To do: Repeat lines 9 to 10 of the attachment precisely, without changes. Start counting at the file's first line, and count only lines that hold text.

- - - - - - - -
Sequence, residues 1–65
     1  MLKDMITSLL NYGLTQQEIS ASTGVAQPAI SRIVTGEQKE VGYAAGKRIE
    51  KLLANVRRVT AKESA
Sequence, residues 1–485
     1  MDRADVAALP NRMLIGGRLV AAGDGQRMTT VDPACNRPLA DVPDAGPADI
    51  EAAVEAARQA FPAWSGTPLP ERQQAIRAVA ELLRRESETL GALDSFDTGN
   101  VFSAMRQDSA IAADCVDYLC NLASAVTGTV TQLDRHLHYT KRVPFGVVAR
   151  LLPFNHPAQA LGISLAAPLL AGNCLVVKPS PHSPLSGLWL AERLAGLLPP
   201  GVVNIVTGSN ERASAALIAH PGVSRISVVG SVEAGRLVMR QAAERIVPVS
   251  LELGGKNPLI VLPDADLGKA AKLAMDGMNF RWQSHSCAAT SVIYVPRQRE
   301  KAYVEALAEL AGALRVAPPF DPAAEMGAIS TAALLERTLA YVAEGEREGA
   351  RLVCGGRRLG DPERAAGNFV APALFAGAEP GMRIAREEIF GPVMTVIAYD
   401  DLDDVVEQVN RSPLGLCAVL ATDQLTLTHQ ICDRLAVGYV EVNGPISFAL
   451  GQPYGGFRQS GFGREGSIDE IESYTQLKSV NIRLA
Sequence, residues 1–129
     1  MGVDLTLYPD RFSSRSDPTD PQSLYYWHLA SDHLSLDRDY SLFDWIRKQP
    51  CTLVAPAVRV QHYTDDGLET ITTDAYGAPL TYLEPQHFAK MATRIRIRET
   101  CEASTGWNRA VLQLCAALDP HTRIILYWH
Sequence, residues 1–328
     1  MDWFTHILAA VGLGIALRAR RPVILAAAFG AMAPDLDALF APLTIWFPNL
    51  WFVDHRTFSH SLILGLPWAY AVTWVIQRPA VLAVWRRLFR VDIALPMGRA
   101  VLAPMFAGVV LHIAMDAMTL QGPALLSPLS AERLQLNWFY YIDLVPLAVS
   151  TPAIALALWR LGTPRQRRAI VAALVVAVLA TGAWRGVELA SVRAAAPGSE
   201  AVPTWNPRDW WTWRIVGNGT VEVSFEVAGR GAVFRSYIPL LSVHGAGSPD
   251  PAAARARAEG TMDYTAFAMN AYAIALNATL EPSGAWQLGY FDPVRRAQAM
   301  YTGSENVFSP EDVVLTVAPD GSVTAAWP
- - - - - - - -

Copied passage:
   201  GVVNIVTGSN ERASAALIAH PGVSRISVVG SVEAGRLVMR QAAERIVPVS
   251  LELGGKNPLI VLPDADLGKA AKLAMDGMNF RWQSHSCAAT SVIYVPRQRE